Community-Associated Methicillin-resistant Staphylococcus aureus (CA-MRSA) Basics
CA-MRSA infections lack traditional health care-associated risk factors. CA-MRSA can cause the same type of infections as other strains of Staphylococcus aureus.
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- Community-associated (CA) MRSA infections were first recognized in the 1980s.
- Persons with CA-MRSA infections are typically younger and healthier than persons with health care-associated MRSA.
- CA-MRSA bacteria are usually susceptible to more types of antibiotics than are health care-associated strains of MRSA.
- Traditionally, Methicillin-resistant Staphylococcus aureus (MRSA) infections have been associated with hospitalization or other health care-associated risk factors.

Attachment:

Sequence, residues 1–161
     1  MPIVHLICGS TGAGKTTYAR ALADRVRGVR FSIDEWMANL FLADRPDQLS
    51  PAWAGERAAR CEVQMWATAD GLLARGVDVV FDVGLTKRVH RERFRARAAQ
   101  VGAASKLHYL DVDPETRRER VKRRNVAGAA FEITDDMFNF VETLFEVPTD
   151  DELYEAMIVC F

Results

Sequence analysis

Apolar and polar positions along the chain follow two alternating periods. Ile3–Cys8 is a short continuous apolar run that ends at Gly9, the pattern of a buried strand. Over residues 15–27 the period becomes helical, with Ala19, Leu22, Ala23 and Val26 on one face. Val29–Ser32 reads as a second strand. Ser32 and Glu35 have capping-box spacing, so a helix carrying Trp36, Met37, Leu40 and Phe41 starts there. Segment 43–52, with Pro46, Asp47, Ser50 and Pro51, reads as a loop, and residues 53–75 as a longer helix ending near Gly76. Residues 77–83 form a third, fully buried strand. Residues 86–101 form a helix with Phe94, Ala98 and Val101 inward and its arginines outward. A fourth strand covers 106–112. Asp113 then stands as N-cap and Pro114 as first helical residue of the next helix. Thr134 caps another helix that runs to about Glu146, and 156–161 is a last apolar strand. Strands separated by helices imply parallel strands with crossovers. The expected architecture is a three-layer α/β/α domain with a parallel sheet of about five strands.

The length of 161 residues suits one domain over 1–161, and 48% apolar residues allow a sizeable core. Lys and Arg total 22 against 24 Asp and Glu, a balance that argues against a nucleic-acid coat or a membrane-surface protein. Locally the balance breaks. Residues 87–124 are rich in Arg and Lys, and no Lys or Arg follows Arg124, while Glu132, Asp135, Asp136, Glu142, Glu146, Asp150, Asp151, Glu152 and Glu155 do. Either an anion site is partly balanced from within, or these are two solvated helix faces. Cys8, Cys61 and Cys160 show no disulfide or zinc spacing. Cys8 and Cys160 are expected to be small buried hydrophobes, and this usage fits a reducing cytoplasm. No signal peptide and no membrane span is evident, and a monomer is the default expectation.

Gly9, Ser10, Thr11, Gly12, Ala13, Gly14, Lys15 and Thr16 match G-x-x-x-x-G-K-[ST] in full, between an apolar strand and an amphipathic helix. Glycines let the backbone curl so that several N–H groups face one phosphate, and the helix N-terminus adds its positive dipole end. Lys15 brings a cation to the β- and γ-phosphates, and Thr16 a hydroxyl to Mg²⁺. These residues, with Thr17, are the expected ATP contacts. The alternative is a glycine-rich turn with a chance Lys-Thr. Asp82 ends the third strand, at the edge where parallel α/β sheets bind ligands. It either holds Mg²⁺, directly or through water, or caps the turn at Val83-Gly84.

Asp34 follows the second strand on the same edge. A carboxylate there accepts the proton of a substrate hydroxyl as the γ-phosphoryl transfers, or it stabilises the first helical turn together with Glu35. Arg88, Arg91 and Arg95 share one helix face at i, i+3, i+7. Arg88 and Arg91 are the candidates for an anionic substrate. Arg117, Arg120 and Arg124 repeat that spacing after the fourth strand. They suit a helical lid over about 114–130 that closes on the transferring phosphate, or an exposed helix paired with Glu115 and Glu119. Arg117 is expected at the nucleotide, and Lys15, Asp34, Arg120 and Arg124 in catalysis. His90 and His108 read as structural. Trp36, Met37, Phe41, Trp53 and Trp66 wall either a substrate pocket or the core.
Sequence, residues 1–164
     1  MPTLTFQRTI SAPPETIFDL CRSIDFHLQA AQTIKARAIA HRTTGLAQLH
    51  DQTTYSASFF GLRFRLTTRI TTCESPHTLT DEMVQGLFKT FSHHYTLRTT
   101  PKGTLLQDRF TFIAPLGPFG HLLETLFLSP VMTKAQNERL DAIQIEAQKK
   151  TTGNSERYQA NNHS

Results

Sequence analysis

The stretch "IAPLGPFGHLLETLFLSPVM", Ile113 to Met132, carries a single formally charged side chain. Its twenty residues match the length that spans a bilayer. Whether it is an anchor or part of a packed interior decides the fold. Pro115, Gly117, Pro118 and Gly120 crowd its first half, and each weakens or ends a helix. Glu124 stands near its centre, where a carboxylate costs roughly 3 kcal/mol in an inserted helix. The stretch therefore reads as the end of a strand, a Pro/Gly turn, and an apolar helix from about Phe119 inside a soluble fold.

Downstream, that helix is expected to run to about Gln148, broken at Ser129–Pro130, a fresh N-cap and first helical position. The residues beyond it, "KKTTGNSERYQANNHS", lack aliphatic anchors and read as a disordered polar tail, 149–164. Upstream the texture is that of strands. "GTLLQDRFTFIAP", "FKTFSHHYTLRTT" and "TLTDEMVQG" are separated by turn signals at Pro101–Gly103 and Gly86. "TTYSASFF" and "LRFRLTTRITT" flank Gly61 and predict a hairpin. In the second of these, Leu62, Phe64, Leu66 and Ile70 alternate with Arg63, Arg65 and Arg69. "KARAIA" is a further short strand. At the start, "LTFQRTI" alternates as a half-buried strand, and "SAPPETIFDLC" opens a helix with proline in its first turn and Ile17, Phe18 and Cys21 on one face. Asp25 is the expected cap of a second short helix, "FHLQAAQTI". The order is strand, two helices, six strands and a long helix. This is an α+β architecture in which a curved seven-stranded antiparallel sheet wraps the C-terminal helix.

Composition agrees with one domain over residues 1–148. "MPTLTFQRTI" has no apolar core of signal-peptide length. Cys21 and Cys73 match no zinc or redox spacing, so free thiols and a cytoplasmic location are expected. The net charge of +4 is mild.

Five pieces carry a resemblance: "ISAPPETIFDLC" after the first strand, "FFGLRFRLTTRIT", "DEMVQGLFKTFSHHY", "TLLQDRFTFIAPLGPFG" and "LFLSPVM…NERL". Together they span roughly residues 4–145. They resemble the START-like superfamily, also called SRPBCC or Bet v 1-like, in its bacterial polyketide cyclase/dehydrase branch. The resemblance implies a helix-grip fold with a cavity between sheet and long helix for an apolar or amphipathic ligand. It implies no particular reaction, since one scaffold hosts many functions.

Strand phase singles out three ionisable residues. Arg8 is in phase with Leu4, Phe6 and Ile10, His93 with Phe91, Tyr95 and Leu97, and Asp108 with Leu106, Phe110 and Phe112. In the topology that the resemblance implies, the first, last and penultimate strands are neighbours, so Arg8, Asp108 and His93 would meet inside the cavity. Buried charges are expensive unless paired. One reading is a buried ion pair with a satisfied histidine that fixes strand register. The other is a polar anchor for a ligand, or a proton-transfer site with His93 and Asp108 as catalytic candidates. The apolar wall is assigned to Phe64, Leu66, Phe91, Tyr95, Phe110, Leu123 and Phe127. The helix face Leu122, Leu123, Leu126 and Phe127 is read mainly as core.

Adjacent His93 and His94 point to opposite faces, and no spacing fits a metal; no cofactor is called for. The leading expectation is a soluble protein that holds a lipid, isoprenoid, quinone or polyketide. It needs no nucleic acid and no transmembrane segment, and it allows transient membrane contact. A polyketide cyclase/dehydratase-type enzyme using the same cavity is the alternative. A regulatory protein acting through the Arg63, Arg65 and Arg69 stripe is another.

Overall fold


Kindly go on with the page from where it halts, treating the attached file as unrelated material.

- In recent years physicians and other health care providers have observed an increasing number of people with MRSA infections who lack traditional health care-associated risk factors. These people appear to have community-associated infections.
- CA-MRSA infections can cause the same type of infections as other strains of staph.
- Studies conducted in Minnesota have found that CA-MRSA is more likely to cause skin and soft tissue infections and that health care-associated MRSA is more likely to be found in sputum or urine.